Tag Archives: bitter
The recent campaign spat over Senator Obama’s remarks about “bitter” Americans has blown into a full force whirlwind of campaign attacks and defenses leading up to the Pennsylvania primary. While both sides are right in attacking and defending statements made in the campaign – we are now lowering the level of debate to a point that is in the disinterest of all those involved. This campaign is now at the point where the in-fighting between Clinton and Obama has reached proportions that could do serious damage to the Democratic Party and our chances in the 2008 election.
I do not write this as a Obama or Clinton supporter. I am writing this out of my complete frustration over the lowbrow debate that has arisen in this campaign. What Barack Obama said is a logical, truthful, and accurate argument about the alienation of a large part of American society. This argument was explored in-depth in the book What’s the Matter With Kansas. His phrasing was poor, which has consistently been the down fall of Democrats (see everything that spilled out of John Kerry’s mouth). At this point this debate could have developed into one of the larger socio-economic issues that alienate certain groups – a debate Clinton could have engaged Obama in respectively and intelligently.
Instead, by fault of both candidates, they picked the easy political route. Clinton attacked, joining with McCain, calling Obama an elitist. Obama retorted – Hillary claimed she duck hunted – Obama stood silent – Hillary made an ad. Obama did not take the high road of Hope and annihilate Clinton’s initial steps with a powerful defense of his thoughts, but rather engaged with dirty quotes – a poor political choice.
Now the two are doing what Democrats do best. They are destroying each other. They have started a slippery-slope of accusations wherein they are attempting to out-common each other. Their attempts to appear “in sync” with the American people are foolish at this point. It is one thing to participate in campaign events to reach out to voters, but to do so in the context of “being a common person” is ridiculous. Both sides are opening themselves up for the Republicans favorite arsenal of attacks… the same ones that has held them in power for so long. This time we are writing their talking points and ads for them – pro bono.
This could have been an excellent chance to demonstrate how Bush/McCain Republicans are out of touch with small-town America, and engage each other in a debate on how to address the frustration and anxiety of the people many of us know. A situation of dialogue appears to be a false hope… just like the one wherein Al Gore is our President. What scares me is that in 4 years I don’t want to have to watch Obama or Hillary on SNL postulating what could have been.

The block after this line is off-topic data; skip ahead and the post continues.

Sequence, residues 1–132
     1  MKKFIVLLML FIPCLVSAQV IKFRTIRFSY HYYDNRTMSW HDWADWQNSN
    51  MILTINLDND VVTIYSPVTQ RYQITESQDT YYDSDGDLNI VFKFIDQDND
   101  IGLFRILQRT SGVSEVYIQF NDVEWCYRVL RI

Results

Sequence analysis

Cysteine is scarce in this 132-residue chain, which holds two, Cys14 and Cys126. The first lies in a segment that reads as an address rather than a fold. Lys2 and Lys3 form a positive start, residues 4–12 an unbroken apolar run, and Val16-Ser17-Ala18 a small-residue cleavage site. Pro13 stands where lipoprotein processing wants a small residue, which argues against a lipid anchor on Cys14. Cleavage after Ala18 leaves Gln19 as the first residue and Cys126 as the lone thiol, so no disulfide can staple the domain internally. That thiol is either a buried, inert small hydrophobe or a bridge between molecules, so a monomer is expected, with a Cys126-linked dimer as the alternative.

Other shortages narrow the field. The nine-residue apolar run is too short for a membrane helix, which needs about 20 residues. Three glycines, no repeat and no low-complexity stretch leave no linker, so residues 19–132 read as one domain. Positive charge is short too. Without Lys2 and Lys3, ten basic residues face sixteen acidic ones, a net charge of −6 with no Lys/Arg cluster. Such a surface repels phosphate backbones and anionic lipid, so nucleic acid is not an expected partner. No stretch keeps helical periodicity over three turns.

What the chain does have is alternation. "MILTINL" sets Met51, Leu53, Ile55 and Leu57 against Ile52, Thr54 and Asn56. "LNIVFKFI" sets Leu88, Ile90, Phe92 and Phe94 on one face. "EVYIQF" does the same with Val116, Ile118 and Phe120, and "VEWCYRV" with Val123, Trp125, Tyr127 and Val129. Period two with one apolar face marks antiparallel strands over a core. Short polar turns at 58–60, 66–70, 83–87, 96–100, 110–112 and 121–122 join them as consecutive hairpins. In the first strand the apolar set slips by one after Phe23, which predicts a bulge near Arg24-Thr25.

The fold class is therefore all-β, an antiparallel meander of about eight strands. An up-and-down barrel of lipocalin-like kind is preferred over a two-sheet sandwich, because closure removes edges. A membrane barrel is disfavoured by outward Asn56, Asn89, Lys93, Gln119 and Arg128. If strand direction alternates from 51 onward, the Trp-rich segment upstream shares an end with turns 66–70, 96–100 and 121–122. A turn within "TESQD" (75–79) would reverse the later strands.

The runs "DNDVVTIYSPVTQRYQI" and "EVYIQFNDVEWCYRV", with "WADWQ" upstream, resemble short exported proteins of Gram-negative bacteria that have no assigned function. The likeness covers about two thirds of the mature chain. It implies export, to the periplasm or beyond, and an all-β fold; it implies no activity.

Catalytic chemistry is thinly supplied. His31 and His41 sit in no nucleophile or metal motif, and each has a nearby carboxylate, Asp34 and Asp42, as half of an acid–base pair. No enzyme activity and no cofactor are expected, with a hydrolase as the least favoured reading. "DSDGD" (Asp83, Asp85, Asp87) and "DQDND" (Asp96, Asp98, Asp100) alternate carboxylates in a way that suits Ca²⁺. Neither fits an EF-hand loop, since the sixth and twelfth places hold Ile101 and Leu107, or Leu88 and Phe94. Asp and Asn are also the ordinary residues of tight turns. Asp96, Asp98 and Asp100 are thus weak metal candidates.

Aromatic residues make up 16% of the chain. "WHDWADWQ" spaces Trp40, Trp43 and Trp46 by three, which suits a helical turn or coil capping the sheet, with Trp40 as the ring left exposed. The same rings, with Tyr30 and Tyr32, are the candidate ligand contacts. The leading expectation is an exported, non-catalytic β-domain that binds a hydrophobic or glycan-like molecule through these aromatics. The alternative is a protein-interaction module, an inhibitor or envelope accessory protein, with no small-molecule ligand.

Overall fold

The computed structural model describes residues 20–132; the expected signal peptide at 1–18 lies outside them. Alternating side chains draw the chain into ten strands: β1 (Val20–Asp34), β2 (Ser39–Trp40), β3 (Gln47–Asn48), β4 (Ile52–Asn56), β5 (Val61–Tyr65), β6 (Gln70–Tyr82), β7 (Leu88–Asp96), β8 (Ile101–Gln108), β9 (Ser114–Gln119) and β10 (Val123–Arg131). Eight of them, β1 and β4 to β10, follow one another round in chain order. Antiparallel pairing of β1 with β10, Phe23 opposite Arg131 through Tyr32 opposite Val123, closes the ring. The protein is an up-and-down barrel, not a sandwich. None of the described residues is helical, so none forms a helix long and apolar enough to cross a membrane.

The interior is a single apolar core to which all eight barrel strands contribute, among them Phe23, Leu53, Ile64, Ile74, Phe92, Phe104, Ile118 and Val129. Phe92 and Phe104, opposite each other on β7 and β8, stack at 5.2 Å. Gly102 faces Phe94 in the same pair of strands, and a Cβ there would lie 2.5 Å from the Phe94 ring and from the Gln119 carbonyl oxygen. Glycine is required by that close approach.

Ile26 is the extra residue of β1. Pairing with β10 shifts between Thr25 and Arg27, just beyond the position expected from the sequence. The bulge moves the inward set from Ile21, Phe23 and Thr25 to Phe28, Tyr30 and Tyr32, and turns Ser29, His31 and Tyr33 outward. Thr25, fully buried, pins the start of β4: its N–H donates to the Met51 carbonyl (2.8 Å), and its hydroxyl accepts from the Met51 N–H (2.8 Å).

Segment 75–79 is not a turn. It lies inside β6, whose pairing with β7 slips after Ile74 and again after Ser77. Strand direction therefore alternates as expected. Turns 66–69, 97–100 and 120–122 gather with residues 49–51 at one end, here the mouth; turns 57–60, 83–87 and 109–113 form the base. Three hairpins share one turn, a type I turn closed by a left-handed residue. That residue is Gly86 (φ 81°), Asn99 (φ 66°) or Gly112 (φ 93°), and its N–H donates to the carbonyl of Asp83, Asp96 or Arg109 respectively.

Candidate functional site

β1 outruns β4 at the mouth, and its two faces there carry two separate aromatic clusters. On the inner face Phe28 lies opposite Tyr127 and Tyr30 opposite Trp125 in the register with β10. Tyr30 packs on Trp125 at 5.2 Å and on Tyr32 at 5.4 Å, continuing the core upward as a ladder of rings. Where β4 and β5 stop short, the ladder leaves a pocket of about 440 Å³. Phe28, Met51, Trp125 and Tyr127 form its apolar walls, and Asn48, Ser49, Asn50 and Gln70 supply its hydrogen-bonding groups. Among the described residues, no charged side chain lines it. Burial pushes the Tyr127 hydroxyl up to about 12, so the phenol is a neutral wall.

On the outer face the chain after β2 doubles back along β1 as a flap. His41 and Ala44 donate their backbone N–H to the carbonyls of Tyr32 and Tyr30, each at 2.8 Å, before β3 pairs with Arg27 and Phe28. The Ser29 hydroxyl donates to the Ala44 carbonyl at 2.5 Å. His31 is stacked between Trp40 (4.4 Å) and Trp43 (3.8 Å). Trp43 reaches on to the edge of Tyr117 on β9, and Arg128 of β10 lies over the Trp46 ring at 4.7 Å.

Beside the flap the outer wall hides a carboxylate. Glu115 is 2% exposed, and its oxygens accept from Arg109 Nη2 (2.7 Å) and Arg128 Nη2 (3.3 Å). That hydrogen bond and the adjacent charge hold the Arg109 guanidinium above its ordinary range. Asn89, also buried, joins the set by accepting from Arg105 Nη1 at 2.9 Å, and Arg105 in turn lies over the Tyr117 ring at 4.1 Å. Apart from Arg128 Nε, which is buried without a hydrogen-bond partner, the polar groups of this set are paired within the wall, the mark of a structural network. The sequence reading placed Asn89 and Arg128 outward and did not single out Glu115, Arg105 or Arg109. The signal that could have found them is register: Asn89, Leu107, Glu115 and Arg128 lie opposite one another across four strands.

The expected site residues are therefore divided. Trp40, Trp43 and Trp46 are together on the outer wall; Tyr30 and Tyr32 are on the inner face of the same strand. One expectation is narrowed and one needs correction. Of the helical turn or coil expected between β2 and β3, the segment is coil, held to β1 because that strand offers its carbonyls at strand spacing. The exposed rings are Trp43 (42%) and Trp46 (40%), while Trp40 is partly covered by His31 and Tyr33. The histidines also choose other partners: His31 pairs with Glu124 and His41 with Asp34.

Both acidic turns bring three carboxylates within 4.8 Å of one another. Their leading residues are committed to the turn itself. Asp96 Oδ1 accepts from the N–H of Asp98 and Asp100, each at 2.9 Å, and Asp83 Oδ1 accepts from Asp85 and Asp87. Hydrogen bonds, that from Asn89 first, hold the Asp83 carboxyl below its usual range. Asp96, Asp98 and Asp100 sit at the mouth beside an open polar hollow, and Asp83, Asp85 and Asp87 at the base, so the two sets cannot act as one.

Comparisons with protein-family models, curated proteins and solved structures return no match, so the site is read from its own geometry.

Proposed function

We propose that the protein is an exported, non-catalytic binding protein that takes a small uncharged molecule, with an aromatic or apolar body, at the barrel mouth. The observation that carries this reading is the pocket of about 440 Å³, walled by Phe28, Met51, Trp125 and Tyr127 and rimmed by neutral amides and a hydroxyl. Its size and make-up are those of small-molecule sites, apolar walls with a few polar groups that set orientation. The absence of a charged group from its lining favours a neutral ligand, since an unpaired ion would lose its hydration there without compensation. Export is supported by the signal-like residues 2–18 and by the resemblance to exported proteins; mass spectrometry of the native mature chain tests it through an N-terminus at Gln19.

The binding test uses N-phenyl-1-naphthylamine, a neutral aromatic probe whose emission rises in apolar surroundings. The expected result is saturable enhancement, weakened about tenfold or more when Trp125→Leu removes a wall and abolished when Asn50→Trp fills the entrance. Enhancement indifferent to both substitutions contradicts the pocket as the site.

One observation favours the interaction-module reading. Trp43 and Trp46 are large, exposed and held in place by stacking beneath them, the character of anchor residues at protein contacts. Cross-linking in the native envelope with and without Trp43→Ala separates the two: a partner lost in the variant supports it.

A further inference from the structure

Stop. Stop with this horrendous line of attack. One or both of the candidates must rise above their strategists and their handlers to roll back the damage done in the past week. Obama – you may succeed at taking the nomination, but your integrity has taken a hit – a large part of that is due to your inability to see opportunity in a mistake. Clinton – you may win at any price, but you will lose the election if you continue to run attacks befitting of Rove. Stop. This also goes for surrogates across the nation. Engaging your fellow Democrats in this debate will not help your candidate come November… be apart of the positive dialogue and put pressure on your candidate to stop. Please, for the sake of my sanity. Stop.
“You go into some of these small towns in Pennsylvania, and like a lot of small towns in the Midwest, the jobs have been gone now for 25 years and nothing’s replaced them. Â And they fell through the Clinton Administration and the BushÂ Administration, and each successive administration has said that somehow these communities are gonnaÂ regenerateÂ and they have not. Â And it’s not surprising then they get bitter, they cling to guns or religion or antipathy to people who aren’t like them or anti-immigrant sentiment or anti-trade sentiment as a way to explain their frustrations”
It’s now been more than a week since Barack Obama uttered those words. Â In the intervening time, Hillary Clinton and John McCain have bashed him as an elitist and Obama himself has said that he chose his words poorly. Â Maybe if the goal is to win a presidential campaign, he did, but if the goal is to tell the truth, he was right-on. (more…)